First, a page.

The Russell Lecturer is normally to be chosen annually on the basis of a lifetime of eminence in astronomical research.
All Posts by Crystal M. Tinch
Jack Eddy, who was born 25 March 1931 in Pawnee City in southeastern Nebraska, died after a long battle with cancer in Tucson, Arizona, on 10 June 2009. Best known for his work on the long-term instability of the sun, described in a landmark paper in Science titled “The Maunder Minimum,” he also deserves recognition as one of the triumvirate who founded the Historical Astronomy Division of the AAS.
Chi Yuan graduated from the National Taiwan University in1959, and received his Masters of Science degree from the University of Florida in 1962, and his Doctor of Philosophy from the University of Michigan in 1966. He was a postdoctoral fellow with Professor C.C. Lin at MIT for three years, before taking his faculty post at the City College of New York in 1969. He attained full professorship at CCNY in 1981.
Dr. Thomas Charles Van Flandern, an expert in celestial mechanics and cosmology, died January 9, 2009 in Seattle, Washington, of colon cancer. He was 68. Van Flandern was an astronomer at the U.S. Naval Observatory from 1963 to 1983. He developed software to predict and analyze lunar occultations to improve lunar orbital and fundamental star catalog data. In later years he championed increasingly controversial theories.
The astronomical community lost one of its most buoyant and caring individuals when Beth Brown died, unexpectedly, at the age of 39 from a pulmonary embolism.
SPARK publishes original articles on astronomy education about or related to the education programs and activities of the American Astronomical Society and its members. Reading previous issues will give you an idea of the types of articles that appear in the Newsletter. Opinion pieces, reviews, letters to the editor, newsworthy items are all welcome, subject to the guidelines below.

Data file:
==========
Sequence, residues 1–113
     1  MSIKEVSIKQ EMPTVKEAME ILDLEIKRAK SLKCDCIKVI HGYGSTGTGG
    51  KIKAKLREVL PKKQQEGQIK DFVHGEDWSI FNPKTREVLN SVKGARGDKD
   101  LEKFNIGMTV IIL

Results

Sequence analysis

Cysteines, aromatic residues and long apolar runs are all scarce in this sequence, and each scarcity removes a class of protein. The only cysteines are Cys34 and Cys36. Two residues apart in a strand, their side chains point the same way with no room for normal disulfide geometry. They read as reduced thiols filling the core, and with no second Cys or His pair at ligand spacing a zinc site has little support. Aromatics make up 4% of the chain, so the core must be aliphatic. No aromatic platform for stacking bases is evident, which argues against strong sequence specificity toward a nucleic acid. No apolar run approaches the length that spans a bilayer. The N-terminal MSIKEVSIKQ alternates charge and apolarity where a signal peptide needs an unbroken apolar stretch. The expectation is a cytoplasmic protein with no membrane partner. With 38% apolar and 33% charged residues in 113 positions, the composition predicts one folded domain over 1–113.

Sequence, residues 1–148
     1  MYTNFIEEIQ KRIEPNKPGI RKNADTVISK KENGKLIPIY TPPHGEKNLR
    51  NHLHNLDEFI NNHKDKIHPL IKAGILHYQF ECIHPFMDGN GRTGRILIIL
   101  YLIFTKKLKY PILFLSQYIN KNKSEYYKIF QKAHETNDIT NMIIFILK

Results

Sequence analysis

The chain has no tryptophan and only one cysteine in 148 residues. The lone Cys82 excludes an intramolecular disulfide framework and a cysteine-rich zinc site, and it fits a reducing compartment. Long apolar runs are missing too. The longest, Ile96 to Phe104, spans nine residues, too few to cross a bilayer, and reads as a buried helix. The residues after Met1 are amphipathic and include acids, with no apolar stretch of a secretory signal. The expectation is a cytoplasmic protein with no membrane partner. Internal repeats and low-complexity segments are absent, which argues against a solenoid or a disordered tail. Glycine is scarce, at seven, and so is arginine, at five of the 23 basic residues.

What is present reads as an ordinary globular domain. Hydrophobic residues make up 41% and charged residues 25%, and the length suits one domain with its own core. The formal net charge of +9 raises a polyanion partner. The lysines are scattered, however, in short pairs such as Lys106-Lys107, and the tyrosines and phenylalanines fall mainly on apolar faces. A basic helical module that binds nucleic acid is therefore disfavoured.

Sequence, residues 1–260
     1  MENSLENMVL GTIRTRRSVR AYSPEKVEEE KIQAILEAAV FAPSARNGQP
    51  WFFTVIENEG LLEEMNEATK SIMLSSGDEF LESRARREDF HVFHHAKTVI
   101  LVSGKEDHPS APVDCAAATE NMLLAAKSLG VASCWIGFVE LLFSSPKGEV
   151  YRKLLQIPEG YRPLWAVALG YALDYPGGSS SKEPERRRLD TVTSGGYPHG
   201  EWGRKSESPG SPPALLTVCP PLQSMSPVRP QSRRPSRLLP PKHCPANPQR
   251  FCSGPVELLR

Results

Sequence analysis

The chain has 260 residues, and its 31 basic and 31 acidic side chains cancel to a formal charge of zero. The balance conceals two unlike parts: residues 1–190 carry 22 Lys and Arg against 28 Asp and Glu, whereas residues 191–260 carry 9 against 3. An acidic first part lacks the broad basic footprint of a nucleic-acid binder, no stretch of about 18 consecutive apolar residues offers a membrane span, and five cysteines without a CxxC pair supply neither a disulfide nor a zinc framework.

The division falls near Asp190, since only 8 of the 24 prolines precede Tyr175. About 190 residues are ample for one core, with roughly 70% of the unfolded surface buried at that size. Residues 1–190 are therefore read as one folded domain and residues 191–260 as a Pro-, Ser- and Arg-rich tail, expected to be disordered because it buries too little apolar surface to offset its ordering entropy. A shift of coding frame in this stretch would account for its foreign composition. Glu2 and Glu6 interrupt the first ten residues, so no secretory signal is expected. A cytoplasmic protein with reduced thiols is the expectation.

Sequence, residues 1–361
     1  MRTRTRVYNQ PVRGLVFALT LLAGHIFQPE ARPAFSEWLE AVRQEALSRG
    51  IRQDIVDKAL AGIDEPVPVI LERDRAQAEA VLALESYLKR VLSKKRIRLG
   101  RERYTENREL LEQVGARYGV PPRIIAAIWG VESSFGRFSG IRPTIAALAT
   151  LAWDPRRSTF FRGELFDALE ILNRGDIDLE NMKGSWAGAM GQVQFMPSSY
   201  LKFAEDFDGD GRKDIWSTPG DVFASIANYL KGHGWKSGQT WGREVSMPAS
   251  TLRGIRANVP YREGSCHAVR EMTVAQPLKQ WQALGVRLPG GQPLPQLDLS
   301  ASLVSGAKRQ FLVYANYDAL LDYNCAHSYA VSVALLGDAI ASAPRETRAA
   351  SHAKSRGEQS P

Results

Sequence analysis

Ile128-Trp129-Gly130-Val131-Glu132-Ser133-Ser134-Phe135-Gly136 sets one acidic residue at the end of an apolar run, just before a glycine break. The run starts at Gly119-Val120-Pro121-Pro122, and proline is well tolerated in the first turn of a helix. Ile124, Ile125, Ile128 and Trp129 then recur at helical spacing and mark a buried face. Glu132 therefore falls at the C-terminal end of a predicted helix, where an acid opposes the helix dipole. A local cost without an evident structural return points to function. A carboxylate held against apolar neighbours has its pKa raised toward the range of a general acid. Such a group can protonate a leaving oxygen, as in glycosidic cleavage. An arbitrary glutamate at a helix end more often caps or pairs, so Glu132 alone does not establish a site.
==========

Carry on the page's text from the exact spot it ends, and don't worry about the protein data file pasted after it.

Some Newsletter back-issues are available in PDF.
All AAS members may submit prize nominations and are encouraged to do so. With the exception of the student awards, prize nominations are due in the AAS Secretary's Office by 30 June each year.
Editor: Judith M. Johnson
Associate Editor: Crystal Tinch
AAS Executive Officer: Kevin B. Marvel
Associate Editor, Letters: Jeffrey Linsky, U. Colorado
The AAS Newsletter is published online six times a year.
How to Submit Material:
Deadline: 1 September
The AAS maintains an online Calendar and distributes a printed Wall Calendar. The online Calendar includes important dates, such as proposal and grant deadlines and astronomical meetings. The printed Membership Calendar includes important dates and AAS sponsored meetings.
Sponsors receive selection of a photo layout page, 250 words of text and sponsorship recognition in the calendar front matter. For only $2,250, your institution or department can show support for the whole astronomical community and be featured prominently in astronomers' offices across the country.
Sponsors and potential sponsors for future AAS calendars are reminded that sponsorship space is provided on a first-come, first-served basis. Groups interested in sponsoring a month may contact Crystal Tinch for more information and pricing details. Deadline for sponsorship is 1 September.
Lists all officers and councilors that have served since the AAS was founded in 1899.